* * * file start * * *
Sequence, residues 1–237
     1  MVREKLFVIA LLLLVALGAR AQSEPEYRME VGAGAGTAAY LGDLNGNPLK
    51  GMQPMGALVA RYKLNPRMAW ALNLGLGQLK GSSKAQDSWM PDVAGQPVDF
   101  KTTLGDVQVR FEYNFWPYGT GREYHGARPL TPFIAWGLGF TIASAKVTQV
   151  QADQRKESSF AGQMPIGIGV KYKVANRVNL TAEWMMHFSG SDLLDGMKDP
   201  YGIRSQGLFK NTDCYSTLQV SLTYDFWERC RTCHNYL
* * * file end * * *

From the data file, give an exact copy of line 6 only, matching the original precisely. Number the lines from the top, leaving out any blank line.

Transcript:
   201  YGIRSQGLFK NTDCYSTLQV SLTYDFWERC RTCHNYL